Porter Robinson Discusses Virtual Self


virtual selfIn an interview with Michelle Lhooq of Fader, Porter Robinson goes into detail about the work that went into Virtual Self and his inspiration behind the project. Yesterday he released the video for ‘Ghost Voices‘, and he is well on his way to building a completely different brand of music for new fans.

“I must have listened to snippets of 100,000 songs over the course of two years.”

Porter spent two years at “peak obsessiveness”, listening to every song across a range of genres from jungle, drum and bass, techno, and the entire trance catalogue on Beatport to come up with sound for Virtual Self. The goal was to create music that would alienate people, something different from Worlds, and something that was nostalgic to him.

After listening to all these songs he spent a year working on recreating the sounds of the early trance era. The other aspect of the music is that even though the sounds are all from 1999-2003, the format of the songs follow a more modern format. He says “‘Ghost Voices’ starts out with the hook, but if it was a song from back then, it would start with three minutes of intro drums and bass.”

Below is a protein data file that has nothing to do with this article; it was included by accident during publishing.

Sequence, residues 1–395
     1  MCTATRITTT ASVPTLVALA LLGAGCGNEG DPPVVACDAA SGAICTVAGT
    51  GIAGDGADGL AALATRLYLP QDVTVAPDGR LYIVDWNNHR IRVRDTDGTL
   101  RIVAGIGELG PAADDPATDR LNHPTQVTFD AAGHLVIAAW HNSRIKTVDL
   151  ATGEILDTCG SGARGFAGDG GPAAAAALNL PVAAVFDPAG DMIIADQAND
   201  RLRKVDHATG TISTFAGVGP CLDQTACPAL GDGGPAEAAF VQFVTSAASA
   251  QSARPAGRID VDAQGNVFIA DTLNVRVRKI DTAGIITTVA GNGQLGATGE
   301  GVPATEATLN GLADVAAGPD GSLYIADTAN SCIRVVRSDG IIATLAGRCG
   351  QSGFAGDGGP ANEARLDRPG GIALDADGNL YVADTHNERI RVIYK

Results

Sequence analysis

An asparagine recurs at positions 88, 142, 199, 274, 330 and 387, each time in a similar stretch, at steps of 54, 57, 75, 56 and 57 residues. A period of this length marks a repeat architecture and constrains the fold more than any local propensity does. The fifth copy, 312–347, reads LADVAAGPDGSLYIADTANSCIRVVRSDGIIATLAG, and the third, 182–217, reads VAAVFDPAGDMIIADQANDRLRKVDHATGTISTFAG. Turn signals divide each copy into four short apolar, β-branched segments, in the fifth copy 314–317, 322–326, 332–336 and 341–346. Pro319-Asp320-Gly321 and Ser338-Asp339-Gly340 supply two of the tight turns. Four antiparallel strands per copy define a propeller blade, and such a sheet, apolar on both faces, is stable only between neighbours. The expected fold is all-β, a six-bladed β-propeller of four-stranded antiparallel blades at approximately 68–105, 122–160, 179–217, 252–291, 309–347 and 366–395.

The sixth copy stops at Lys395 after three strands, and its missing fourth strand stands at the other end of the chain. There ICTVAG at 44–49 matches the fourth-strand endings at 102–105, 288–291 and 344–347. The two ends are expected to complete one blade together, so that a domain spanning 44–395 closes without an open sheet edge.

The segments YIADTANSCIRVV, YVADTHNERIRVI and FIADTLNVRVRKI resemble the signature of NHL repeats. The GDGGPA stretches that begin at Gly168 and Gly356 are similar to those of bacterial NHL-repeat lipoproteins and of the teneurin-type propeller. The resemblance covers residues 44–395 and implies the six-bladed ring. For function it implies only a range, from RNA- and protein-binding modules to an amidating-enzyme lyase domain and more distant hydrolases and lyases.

Regarding the atmosphere he has created around Virtual Self from two characters making the music, random strings of text with seemingly ethereal meaning and digital-sounding words, Porter admits he took a lot of imagery and design tropes from the 1999-2003 internet era. Back when the internet was the wild west of Kazaa and Limewire, and the “digital grunge maximalist abstract art” lens covered everything, Porter sees a way to visually connect listeners with the the sounds he has created. He loves immersion and escapsim. As for the cryptic writing and answers to questions on the Ghost Voice video, he he had this to say:

“I used a few techniques to generate a lot of them, like writing sentences and translating them into Russian into Czech into Korean and back into English using Google Translate, and seeing how the mistranslations would introduce a new word or change the grammar in a way that I liked. I used another similar technique called Markov chain, an algorithmic process that takes a large body of text and tries to generate new sentences from patterns it sees.[…] I took all the texts I’d written and ran them through Markov chains and generators, and picked the ones that felt the most ethereal and cyber.”

He has a lot more Virtual Self music written, but he also has a lot of Porter Robinson music written, he just doesn’t know if and/or what will be released. He is always writing music, always exploring. If Virtual Self doesn’t continue, we know that he has put all his effort into it and whatever is next will be just as curated.

Read the full interview here.